Rishi Sunak presented his budget to parliament yesterday, though many of the details were leaked in the run-up to it.
Here, some of our lawyers give their reaction to the announcements, and touch on what they mean for Dorset’s businesses and wider economy.
The Chancellor announced that £24bn budget will be used for a ‘multi-year housing settlement’.
£11.5bn of this will be used to build up to 180,000 ‘affordable homes’ and £1.8bn of this was pledged to bring brownfield into use.
Property Partner Oonagh McKinney says: “We have seen, and indeed continue to see, unprecedented demand in the local housing market over the past 18 months, in particular from first time buyers.
The Stamp Duty holiday has caused a boom in the residential property market, but lack of stock has pushed prices beyond the reach of many in Dorset.
Contribution towards affordable housing development is much needed.”
The news that £5 billion will be pledged to help remove unsafe cladding will come as welcome news to residents of affected blocks, in particular those left in limbo unable to sell.
Leaseholders will be crossing their fingers that they will be able to get quick access to these funds.
The works will be partially funded by a residential developer property tax of 4% for qualifying businesses with profits of over £25 million.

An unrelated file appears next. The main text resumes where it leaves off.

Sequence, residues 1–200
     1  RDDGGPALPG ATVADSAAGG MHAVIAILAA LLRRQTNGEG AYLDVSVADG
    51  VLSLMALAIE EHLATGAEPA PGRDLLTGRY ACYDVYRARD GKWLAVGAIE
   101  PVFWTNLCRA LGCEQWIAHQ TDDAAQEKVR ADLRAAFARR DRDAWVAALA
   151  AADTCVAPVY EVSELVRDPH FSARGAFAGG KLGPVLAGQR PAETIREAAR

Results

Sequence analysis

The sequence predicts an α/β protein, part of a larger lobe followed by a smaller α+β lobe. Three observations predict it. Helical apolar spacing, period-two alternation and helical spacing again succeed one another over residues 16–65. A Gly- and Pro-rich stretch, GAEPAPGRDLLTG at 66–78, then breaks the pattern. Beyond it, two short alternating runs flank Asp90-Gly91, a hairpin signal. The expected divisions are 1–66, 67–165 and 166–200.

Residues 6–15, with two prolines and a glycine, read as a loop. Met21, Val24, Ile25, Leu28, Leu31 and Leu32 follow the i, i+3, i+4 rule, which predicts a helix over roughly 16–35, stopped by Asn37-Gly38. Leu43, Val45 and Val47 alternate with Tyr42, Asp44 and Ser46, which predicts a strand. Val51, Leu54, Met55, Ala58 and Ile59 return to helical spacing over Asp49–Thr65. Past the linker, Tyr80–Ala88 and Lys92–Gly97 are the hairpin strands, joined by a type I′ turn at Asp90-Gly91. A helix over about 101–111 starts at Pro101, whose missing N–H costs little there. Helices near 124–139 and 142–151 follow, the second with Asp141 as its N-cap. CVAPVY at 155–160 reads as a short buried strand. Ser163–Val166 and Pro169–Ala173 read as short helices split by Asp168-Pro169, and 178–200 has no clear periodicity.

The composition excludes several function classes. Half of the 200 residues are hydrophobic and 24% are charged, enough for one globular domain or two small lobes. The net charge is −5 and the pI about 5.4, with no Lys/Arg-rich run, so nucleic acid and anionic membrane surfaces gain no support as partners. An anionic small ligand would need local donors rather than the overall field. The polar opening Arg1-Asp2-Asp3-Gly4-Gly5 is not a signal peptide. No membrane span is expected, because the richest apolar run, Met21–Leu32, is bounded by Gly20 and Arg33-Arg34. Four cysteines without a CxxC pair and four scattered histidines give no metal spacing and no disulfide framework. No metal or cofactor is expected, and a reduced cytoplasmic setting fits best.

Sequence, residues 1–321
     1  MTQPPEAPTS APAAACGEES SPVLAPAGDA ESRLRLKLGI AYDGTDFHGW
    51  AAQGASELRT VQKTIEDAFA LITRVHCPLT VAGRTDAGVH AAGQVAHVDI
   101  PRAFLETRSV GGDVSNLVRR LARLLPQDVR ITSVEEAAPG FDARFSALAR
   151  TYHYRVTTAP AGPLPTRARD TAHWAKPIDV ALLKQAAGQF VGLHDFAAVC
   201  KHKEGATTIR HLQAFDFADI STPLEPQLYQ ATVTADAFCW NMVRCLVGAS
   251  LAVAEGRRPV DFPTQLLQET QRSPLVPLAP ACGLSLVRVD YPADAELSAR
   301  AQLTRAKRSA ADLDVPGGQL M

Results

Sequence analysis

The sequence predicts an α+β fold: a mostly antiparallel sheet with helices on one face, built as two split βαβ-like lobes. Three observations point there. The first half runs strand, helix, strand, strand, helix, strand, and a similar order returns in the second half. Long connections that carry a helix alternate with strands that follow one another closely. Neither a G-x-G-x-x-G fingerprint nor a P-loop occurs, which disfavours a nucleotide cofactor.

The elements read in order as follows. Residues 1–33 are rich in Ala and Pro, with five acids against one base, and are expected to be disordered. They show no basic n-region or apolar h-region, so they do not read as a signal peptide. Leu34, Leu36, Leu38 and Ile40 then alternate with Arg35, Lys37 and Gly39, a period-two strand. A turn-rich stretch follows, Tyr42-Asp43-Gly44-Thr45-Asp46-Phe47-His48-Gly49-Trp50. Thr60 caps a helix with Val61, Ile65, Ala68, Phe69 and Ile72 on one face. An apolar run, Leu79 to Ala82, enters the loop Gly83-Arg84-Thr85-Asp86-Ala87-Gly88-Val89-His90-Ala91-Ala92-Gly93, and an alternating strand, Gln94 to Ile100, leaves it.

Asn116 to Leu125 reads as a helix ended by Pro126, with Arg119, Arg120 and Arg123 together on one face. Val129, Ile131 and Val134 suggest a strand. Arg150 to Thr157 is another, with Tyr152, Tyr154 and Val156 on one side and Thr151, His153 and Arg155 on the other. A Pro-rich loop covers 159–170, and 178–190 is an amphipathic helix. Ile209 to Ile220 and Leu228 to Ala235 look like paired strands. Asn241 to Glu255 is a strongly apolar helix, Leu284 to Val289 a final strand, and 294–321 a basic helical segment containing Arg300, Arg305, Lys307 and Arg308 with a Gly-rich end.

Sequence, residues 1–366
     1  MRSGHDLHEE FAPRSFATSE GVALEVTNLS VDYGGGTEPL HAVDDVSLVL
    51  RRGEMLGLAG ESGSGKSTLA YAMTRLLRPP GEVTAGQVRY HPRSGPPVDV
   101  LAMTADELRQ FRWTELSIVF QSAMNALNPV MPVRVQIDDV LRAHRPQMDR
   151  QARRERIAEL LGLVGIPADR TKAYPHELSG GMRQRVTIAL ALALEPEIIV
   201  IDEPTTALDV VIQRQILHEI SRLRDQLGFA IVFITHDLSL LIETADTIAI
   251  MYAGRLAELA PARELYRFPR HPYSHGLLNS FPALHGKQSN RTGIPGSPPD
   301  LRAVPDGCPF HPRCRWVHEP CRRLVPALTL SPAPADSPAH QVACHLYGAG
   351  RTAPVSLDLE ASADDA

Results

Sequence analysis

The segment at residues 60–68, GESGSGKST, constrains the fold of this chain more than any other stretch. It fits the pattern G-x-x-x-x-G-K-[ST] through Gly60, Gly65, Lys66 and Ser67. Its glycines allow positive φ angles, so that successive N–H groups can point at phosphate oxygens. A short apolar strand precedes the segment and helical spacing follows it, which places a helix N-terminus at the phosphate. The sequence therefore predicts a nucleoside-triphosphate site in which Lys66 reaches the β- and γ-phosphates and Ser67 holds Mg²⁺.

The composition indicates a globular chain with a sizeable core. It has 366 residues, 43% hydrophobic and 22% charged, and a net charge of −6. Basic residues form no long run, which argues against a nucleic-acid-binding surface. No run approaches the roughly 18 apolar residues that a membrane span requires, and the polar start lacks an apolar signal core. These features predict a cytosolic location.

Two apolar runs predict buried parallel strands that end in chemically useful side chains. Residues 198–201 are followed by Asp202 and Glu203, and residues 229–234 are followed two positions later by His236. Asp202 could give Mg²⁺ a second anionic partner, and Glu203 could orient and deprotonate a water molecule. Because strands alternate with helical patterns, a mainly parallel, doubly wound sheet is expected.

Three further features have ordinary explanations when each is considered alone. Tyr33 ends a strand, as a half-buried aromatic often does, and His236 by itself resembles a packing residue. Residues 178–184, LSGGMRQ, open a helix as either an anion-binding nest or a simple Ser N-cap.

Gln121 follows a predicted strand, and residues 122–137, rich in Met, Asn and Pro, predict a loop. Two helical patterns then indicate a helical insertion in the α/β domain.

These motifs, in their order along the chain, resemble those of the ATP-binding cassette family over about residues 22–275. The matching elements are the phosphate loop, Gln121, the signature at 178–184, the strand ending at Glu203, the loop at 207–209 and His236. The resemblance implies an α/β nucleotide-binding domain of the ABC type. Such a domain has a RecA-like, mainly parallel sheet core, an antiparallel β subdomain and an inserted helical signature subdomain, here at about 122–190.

“Whilst this is a step in the right direction, it is still apparent that individual leasehold owners will still be footing substantial bills for cladding that was not of their doing.
“It is also still unclear as to when this will be implemented and how quickly the funds will be distributed to assist those in need.”
National Living Wage
The National Living Wage is set to rise from April next year. Over-23s will see their hourly rate increase from £8.91 to £9.50.
Employment Partner Paul Burton says: “Employers with staff under the age of 23 should be mindful of regularly checking that staff are in the correct pay bracket and when a change is announced anyone paying staff at or around minimum wage want to review to ensure that the correct rate is being paid.
The cost of failing to do so can be significant. Even a relatively small number of staff underpaid for just a few weeks can result in a costly collective sum.”
Paul outlines the new rates here.
A range of measures were announced with the aim of supporting these hard-hit businesses, including a business rates improvement relief and the freezing of the business rates multiplier.
The new 1 year 50% business rates discount will be introduced for companies in the retail, hospitality and leisure sectors.
“Dorset’s economy features a huge number of leisure and hospitality businesses who have been hit extremely hard by the pandemic.
Many of these businesses were hoping for drastic reform, and the opposition is in favour of scrapping business rates.
These announcements will hopefully help some of these businesses that are a crucial part of the local economy.”